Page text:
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Jackson, Andrew T.
Languages: English
Types: Doctoral thesis
Subjects:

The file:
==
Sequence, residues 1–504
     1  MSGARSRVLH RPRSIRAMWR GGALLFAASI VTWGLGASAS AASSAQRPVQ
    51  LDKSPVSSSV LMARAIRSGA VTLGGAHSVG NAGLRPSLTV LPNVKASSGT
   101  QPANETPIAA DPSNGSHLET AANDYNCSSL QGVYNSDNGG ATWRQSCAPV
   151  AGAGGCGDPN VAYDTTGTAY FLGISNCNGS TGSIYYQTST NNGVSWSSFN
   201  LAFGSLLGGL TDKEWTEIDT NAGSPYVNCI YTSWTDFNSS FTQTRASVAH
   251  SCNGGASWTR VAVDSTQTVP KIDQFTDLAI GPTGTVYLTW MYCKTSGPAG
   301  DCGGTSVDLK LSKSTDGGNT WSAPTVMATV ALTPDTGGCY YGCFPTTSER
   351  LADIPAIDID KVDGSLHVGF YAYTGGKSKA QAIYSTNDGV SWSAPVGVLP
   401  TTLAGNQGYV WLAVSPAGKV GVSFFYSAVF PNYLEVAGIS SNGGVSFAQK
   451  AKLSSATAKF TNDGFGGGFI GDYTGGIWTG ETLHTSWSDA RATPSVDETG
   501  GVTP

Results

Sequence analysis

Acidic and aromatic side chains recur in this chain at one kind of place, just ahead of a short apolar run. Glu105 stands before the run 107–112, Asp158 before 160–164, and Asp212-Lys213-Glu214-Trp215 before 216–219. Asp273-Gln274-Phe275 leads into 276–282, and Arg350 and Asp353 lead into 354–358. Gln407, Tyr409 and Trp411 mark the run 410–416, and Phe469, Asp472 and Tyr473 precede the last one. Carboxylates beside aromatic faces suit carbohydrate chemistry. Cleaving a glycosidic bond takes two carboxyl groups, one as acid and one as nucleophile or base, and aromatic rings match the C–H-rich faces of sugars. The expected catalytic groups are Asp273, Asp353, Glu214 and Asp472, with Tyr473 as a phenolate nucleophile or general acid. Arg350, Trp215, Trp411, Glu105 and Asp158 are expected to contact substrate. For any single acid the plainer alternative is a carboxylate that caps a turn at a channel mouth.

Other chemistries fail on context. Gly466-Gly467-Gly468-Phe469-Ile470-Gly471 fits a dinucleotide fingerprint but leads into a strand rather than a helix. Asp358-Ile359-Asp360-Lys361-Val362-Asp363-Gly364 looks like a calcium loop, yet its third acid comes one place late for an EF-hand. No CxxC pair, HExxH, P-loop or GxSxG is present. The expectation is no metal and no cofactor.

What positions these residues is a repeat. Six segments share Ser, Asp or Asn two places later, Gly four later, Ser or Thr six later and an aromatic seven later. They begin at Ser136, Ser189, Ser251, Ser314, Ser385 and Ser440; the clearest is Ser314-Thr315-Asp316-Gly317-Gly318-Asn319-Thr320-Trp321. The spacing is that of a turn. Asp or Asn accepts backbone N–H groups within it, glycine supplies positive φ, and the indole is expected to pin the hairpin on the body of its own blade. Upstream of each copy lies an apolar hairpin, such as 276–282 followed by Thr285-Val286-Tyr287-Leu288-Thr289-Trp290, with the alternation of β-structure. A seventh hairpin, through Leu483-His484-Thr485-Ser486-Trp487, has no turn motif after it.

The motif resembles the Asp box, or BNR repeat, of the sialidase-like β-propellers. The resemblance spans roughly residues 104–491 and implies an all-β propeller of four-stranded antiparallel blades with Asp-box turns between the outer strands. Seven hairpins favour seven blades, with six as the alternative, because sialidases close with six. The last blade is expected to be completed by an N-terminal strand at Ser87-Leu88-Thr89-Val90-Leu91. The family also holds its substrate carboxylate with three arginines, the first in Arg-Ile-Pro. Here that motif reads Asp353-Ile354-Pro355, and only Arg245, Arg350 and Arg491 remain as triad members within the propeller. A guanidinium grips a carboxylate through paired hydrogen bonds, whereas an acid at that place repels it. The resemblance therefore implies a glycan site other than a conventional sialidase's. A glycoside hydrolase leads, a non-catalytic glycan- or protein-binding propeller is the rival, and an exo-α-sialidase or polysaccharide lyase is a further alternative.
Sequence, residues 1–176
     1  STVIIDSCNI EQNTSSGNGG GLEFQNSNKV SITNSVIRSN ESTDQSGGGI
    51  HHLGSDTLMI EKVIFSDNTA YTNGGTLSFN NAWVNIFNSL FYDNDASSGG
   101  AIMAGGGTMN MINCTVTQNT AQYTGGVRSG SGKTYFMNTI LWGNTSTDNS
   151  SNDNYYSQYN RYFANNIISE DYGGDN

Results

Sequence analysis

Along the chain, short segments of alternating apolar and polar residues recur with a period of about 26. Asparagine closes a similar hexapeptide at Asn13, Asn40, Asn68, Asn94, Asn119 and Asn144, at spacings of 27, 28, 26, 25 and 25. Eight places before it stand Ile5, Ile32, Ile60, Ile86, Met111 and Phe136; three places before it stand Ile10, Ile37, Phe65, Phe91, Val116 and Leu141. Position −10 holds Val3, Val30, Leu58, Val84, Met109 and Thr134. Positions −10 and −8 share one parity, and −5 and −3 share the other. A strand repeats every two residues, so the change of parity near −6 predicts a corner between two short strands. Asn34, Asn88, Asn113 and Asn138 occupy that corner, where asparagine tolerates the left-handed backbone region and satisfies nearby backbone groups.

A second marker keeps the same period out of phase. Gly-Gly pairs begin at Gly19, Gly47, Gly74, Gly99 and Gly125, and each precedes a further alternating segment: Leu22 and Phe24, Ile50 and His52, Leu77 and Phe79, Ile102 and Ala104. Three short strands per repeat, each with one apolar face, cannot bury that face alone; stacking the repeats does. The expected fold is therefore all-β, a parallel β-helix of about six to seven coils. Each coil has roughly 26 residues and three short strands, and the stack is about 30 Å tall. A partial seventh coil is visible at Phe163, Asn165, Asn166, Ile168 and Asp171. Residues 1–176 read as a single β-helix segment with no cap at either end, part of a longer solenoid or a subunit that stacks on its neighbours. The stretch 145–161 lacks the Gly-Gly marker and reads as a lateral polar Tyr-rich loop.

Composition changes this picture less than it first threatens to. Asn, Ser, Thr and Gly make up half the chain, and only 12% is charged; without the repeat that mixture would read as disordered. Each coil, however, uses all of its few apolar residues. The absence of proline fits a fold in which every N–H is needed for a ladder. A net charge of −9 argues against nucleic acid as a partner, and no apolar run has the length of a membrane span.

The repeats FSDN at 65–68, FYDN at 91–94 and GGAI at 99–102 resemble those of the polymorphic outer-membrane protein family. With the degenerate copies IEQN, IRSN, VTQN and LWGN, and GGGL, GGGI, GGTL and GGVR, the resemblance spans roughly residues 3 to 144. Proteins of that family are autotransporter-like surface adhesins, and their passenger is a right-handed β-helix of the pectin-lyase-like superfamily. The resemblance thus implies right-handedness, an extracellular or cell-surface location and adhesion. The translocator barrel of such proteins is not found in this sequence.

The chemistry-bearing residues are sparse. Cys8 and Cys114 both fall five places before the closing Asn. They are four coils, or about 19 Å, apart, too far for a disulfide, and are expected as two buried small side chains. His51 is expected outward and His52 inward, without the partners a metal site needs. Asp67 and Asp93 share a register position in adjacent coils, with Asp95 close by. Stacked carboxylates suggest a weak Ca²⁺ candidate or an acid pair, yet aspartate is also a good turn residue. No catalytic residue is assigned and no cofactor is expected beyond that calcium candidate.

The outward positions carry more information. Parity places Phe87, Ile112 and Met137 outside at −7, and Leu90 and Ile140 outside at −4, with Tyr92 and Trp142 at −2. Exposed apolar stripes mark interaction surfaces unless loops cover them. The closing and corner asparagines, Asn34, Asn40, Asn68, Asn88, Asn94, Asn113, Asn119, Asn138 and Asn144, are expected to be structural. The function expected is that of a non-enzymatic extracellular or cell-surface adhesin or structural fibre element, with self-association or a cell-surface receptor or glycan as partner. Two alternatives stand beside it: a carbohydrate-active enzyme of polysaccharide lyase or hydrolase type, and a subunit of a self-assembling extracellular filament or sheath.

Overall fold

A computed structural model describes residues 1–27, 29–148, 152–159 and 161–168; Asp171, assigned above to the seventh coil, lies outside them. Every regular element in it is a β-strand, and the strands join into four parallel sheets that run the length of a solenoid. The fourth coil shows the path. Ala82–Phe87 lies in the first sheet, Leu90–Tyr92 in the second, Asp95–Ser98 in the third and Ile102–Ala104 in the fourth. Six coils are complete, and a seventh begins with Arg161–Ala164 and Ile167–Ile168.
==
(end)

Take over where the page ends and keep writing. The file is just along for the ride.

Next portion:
Manufacturing firms are driven by competitive pressures to continually improve the effectiveness and efficiency of their organisations. For this reason, manufacturing engineers often implement changes to existing processes, or design new production facilities, with the expectation of making further gains in manufacturing system performance. This thesis relates to how the likely outcome of this type of decision should be predicted prior to its implementation. The thesis argues that since manufacturing systems must also interact with many other parts of an organisation, the expected performance improvements can often be significantly hampered by constraints that arise elsewhere in the business. As a result, decision-makers should attempt to predict just how well a proposed design will perform when these other factors, or 'support departments', are taken into consideration. However, the thesis also demonstrates that, in practice, where quantitative analysis is used to evaluate design decisions, the analysis model invariably ignores the potential impact of support functions on a system's overall performance. A more comprehensive modelling approach is therefore required. A study of how various business functions interact establishes that to properly represent the kind of delays that give rise to support department constraints, a model should actually portray the dynamic and stochastic behaviour of entities in both the manufacturing and non-manufacturing aspects of a business. This implies that computer simulation be used to model design decisions but current simulation software does not provide a sufficient range of functionality to enable the behaviour of all of these entities to be represented in this way. The main objective of the research has therefore been the development of a new simulator that will overcome limitations of existing software and so enable decision-makers to conduct a more holistic evaluation of design decisions. It is argued that the application of object-oriented techniques offers a potentially better way of fulfilling both the functional and ease-of-use issues relating to development of the new simulator. An object-oriented analysis and design of the system, called WBS/Office, are therefore presented that extends to modelling a firm's administrative and other support activities in the context of the manufacturing system design process. A particularly novel feature of the design is the ability for decision-makers to model how a firm's specific information and document processing requirements might hamper shop-floor performance. The simulator is primarily intended for modelling make-to-order batch manufacturing systems and the thesis presents example models created using a working version of WBS/Office that demonstrate the feasibility of using the system to analyse manufacturing system designs in this way.
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